In a surprise development, it was widely reported late last month that Batarfi was the second captive to be cleared for release through the new review procedures put in place by U.S. President Barack Obama. The deal struck with government lawyers allows Batarfi to restart his lawsuit if he is not delivered to a country acceptable to him within 30 days. The agrement still must be reviewed by a judge.

The Red Cross – the only international agency guaranteed access to detainees – concluded in late 2006 that medical professionals working for the C.I.A. monitored prisoners undergoing waterboarding, apparently to make sure they did not drown. Medical workers were also present when guards confined prisoners in small boxes, shackled their arms to the ceiling, kept them in frigid cells and slammed them repeatedly into walls, the report said.

The Red Cross report was based on statements from 14 prisoners who belonged to Al Qaeda and were moved to Guantánamo Bay, Cuba, in late 2006.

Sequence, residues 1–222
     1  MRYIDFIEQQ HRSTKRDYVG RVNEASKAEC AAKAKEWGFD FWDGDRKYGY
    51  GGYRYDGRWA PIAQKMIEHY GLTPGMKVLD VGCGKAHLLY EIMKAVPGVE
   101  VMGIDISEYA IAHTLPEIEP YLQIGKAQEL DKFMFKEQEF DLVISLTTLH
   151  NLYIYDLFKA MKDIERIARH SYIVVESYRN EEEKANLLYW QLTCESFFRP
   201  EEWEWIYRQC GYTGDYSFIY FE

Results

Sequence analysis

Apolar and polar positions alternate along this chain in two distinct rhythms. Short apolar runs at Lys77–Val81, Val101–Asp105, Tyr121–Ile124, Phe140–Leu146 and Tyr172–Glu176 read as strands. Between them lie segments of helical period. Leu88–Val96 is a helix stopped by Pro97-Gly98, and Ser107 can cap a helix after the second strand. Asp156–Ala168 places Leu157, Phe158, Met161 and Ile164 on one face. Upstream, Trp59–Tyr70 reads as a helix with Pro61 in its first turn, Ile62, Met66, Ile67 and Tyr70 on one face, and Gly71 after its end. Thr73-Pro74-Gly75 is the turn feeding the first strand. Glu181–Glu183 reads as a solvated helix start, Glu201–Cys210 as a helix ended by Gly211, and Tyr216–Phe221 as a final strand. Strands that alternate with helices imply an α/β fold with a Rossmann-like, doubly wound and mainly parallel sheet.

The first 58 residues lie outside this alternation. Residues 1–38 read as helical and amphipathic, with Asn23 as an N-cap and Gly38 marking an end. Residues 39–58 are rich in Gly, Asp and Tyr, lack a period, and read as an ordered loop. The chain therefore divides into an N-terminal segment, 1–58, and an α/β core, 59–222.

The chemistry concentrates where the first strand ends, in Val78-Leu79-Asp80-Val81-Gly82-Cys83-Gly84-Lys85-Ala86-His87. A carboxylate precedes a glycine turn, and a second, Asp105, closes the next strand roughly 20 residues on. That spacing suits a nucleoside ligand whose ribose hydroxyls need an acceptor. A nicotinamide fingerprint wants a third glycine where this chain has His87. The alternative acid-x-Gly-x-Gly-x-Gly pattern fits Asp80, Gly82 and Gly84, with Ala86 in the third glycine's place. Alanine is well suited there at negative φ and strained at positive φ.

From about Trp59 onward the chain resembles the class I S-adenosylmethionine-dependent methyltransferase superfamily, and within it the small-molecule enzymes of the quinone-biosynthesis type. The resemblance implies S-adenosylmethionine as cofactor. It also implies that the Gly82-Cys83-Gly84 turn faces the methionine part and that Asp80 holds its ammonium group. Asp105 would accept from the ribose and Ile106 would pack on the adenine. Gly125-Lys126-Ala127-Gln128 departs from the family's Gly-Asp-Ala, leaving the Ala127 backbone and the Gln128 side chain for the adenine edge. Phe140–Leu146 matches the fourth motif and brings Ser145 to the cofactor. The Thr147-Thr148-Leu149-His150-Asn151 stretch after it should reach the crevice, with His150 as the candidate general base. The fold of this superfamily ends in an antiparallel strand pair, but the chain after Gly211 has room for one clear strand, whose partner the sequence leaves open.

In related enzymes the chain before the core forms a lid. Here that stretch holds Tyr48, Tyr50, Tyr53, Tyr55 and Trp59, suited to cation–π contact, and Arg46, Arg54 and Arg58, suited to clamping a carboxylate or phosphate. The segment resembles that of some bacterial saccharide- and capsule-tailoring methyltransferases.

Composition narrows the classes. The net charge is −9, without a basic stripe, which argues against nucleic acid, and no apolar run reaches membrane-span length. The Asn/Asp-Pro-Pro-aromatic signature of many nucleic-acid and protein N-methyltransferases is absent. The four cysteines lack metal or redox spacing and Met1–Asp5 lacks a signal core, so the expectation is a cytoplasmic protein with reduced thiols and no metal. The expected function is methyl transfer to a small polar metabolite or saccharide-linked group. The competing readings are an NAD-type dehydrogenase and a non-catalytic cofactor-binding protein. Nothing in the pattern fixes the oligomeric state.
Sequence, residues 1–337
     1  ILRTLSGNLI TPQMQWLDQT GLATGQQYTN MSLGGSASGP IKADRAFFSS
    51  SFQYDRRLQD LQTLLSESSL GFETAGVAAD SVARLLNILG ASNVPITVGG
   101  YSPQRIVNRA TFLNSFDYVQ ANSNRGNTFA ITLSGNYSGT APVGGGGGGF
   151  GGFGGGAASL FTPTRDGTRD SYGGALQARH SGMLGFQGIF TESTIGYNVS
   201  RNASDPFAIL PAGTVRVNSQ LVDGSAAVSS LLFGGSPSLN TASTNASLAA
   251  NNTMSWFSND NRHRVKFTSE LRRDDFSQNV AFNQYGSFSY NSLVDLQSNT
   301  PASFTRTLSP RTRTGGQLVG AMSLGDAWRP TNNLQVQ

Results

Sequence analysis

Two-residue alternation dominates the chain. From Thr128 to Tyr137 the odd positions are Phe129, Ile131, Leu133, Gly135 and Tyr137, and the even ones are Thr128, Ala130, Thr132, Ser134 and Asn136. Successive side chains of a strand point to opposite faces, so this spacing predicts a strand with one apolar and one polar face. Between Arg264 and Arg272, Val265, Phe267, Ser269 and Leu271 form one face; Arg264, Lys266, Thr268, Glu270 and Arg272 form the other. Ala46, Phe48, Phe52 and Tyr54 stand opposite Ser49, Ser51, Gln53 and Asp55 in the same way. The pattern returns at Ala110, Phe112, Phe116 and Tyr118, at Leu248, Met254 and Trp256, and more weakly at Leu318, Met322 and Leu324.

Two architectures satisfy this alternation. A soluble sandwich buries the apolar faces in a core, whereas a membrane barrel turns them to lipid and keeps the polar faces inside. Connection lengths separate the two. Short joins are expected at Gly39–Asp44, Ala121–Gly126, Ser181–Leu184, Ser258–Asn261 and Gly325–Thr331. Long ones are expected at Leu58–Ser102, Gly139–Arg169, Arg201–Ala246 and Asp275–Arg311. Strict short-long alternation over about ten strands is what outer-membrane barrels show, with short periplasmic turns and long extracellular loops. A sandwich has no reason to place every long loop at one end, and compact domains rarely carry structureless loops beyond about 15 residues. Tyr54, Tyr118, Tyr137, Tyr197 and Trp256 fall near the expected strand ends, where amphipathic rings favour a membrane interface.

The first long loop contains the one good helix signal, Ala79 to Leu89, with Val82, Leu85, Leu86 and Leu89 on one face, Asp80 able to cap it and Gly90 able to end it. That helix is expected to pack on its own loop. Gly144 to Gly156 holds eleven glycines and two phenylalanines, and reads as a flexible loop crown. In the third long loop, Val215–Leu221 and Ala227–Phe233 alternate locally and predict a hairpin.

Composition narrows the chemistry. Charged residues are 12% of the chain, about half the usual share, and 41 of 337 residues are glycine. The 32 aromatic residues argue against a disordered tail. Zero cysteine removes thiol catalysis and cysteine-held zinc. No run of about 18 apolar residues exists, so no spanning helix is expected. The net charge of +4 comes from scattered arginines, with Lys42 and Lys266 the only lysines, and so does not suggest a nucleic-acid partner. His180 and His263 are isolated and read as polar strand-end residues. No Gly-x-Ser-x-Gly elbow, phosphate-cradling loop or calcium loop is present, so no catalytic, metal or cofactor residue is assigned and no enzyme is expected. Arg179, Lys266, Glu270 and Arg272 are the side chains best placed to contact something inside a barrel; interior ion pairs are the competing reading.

Facilitating practices that the Red Cross described as torture was a violation of medical ethics even if the medical workers’ intentions had been to prevent death or permanent injury, the report said. But it found that the medical professionals’ role was primarily to support the interrogators, not to protect the prisoners, and that the professionals had “condoned and participated in ill-treatment.”

Frank Donaghue, Chief Executive Officer of Physicians for Human Rights (PHR), a non-profit medical advocacy group, told us, “Health professionals violated ethical duties by participating in the torture and abuse of detainees in U.S. custody. PHR has long demanded a full investigation into the role health professionals played in detainee treatment. PHR again calls upon health professional associations to support a non-partisan commission of inquiry.”